The Ru Story: Film Festival Fantasy
“Let’s just complete a film.” Steve’s words, spoken five months earlier, rang in my brain like a two-ton church bell calling in a Sunday morning church service. I wondered if Ru: Water is Life was going to be completed. Would Steve, who took a risk on us, be disappointed once again? It was mid-January 2012. We completed filming Ru a year earlier. And here I was, on the phone with Joel, hearing the words, “I am not going to be able to edit anymore on the film.” Joel’s life had spiraled into insane busyness since we returned from Africa. He had started a new job and just become the father of his first baby, all while renovating his house. Joel had no more bandwidth to complete the editing of Ru. The 40% we completed looked beautiful, but now we were without an editor. It felt like Ru was sinking fast. How could a year have gone by with so little progress? When things felt most desperate and I was ready to throw in the towel, Mike Gwartny put his producing skills to work. Over the next four months, he secured two more editors. I had to work closely with them but Ru moved forward. Movie posters and promotional materials were created. Movie trailers had to be cut. A superb colorist restored footage we thought unusable, and an original soundtrack was produced by Aaron Robertson to complement the music we recorded on location. By the time we worked on the final sound editing I knew Ru was something special; a project worth all the sacrifice. We had created a $100,000 film for under $20K. Ru was going to tell the story well. Our film was completed April 18, 2013. Then it was time for film festival submissions. Today, independent filmmakers submit their films to festivals through the Without a Box website. Our team carefully mapped out where we needed to submit. Each submission cost $20 to $125 dollars so we had to be careful. We also considered locations across the nation for potential WiB promotion, social justice-minded festivals, and places where we might speak at schools and to other organizations that wanted to hear what Water is Basic was accomplishing. Here’s the truth: only 3 – 5% of films submitted get into festivals. Our chances for selection were slim, but every festival we secured meant more press and the potential for more wells for the eight million people in desperate need in South Sudan. We knew we had to try. Our goal was three festivals over the next year.
So when we were rejected by the first four submissions, I was not surprised. But the haunting thought, “Maybe Ru is not nearly as good as we thought” nagged at me. Ru premiered on July 15, appropriately enough, at Irving Bible Church, the birthplace of Water is Basic and a huge financial supporter of the film. The month was also incredibly significant. July was the one year celebration of South Sudan’s independence. (She is still the youngest country in the world) This was also the month Water is Basic became an independent non-profit organization. And the week of the premiere we were invited to our first festival, The Global Peace Film Festival in Orlando, Florida. We were busting with excitement. I can’t explain the thrill of seeing your film on the big screen for the first time. I was that little boy again, taking in the magic of the big screen, and I felt as if I might float for hours. As the film came to a close 475 people stood to their feet and cheered. Some cried while others yelled out in joy. We had done it. Ru: Water is Life shared the story of a billion people. I knew, at that moment, we had captured lightening.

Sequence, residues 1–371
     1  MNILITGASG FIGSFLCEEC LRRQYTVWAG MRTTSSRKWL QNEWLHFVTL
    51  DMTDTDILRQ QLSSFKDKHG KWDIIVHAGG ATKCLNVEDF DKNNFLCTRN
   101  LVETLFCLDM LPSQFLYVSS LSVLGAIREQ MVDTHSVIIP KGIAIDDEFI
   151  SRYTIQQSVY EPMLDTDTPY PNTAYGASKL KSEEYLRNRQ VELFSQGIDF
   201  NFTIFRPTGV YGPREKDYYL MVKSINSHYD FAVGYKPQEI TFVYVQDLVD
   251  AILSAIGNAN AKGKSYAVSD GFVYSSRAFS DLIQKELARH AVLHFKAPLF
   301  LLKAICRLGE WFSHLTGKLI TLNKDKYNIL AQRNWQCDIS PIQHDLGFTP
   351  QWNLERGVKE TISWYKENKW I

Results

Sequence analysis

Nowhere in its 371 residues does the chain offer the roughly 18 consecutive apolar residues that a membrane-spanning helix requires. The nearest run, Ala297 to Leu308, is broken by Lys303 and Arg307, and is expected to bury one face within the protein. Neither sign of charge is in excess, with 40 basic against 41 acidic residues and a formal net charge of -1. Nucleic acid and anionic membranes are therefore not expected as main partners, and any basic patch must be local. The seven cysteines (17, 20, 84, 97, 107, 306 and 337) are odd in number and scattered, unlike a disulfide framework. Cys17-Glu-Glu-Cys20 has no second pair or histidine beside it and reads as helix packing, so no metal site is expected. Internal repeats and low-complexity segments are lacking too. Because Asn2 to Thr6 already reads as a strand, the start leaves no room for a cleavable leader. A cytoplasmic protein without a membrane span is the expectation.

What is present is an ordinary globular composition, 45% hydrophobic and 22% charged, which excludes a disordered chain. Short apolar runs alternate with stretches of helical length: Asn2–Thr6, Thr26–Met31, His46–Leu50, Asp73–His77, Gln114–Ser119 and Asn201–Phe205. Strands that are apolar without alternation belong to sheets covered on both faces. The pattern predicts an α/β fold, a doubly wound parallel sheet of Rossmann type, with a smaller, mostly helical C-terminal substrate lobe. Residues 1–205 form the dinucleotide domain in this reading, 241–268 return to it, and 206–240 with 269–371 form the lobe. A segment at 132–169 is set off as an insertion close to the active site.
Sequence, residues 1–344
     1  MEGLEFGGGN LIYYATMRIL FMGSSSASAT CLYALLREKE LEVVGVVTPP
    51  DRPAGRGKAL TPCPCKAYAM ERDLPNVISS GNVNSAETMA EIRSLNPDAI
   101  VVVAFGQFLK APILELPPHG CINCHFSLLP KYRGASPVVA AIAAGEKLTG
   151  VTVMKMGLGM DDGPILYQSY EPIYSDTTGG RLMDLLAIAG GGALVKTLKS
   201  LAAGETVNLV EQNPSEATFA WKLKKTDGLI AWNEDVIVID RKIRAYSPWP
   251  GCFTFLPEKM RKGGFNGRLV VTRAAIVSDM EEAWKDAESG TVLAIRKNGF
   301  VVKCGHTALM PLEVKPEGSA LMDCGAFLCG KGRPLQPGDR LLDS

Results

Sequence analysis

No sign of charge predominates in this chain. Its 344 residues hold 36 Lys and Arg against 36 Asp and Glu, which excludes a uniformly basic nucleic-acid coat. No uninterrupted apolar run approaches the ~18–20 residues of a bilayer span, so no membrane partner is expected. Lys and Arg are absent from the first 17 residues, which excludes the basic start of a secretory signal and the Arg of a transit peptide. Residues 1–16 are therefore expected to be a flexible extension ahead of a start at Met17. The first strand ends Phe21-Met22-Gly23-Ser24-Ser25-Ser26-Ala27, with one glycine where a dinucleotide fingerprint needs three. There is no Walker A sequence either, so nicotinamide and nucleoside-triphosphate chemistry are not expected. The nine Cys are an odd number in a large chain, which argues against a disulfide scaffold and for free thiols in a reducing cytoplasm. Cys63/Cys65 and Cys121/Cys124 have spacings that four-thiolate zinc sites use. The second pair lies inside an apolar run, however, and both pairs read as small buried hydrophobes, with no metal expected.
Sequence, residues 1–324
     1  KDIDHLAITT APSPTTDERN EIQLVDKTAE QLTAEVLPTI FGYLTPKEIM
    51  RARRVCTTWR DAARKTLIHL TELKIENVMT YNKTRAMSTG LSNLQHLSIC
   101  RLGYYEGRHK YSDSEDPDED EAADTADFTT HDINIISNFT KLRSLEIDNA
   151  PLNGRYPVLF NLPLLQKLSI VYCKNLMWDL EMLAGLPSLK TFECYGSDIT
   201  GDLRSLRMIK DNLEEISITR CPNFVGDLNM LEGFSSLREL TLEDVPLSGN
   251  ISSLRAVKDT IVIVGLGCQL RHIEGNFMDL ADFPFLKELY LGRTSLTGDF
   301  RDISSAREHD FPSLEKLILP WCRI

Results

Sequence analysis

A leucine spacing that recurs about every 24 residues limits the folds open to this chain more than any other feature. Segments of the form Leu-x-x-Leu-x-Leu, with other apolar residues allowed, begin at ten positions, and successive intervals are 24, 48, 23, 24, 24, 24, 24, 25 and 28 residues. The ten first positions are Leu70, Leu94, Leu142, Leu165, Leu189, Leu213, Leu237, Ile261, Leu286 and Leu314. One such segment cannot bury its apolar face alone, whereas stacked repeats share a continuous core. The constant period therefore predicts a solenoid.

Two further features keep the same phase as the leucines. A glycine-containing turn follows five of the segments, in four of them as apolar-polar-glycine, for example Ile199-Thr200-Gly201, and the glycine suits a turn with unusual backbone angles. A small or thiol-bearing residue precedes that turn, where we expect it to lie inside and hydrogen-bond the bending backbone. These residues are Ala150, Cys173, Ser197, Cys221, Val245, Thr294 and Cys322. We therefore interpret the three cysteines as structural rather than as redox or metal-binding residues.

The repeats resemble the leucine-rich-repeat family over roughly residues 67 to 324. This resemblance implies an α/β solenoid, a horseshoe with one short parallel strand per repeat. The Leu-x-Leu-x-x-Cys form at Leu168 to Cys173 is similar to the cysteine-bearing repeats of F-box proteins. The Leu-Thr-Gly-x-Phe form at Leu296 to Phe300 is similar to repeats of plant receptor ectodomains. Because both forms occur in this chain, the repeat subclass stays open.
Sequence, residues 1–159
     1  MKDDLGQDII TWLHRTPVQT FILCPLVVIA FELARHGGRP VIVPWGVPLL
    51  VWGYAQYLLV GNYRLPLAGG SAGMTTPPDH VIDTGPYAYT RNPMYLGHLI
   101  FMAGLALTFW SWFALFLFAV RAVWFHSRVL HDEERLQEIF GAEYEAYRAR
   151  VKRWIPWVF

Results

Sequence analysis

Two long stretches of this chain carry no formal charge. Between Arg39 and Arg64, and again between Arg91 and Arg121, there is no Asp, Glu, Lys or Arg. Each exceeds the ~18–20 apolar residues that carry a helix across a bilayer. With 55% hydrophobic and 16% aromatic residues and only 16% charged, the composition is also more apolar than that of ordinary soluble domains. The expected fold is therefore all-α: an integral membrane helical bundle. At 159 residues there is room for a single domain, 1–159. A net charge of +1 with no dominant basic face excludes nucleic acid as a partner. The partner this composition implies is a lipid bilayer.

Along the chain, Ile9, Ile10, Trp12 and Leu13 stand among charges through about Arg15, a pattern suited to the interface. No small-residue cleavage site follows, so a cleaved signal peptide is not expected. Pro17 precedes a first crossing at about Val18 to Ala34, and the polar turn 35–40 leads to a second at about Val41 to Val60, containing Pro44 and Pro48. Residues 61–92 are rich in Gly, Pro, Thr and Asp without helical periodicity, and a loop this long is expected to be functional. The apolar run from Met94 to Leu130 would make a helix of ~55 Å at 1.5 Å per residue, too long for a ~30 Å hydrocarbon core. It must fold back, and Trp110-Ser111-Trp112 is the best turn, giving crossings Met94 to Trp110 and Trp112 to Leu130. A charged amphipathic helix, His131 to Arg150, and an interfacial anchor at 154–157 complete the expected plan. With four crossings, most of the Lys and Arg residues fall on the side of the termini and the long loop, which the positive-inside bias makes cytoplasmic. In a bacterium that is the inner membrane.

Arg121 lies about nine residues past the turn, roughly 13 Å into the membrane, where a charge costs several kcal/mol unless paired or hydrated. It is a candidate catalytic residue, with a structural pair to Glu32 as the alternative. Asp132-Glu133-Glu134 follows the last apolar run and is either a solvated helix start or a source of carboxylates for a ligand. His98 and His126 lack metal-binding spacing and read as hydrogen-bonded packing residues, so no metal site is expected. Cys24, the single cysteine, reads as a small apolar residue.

Out of our 35 submissions, we were invited to 14 festivals. Over the next year, Steve and I traveled to social justice festivals (Global Peace in Orlando, Chicago International Social Change in Chicago, UNSPOKEN in Utica New York and the Justice Festival in Philadelphia) and Academy-qualifying festivals (New Hampshire Film Festival and the American Documentary which is the 2nd largest doc-fest in the U.S.). We were thrilled to win Best Documentary in Houston’s Bayou City Inspirational Festival and win Runner-Up Best Documentary for the San Antonio Independent Christian Film Festival.
Most festivals were great. A few were poorly executed but every time we went to a festival we were inevitably invited into local high schools, colleges, churches, middle schools and community centers. This was a benefit we were inspired to pursue by independent filmmaker, Ian Thomas Ash, at our first festival. Ian took us under his wing and gave us a crash course in film festivals. We remain thankful for his selfless generosity. By far, our greatest joy came in watching teens connect with the film. They were enraptured by Jina, a girl their own age. When we started sharing statistics about the need for clean water around the world they grew silent. The one that always stunned them was the fact that the whole South Sudan water issue could be solved for $70 million. In 2012, we spent $373 million on Halloween costumes in the U.S.—for our pets. It did not take long for money to start flowing in to support well projects across South Sudan. Thousands of people were watching, and responding to, Ru. And they were acknowledging that we can, within our lifetime, answer this desperate need of global thirst. They were realizing that water is basic and water is life.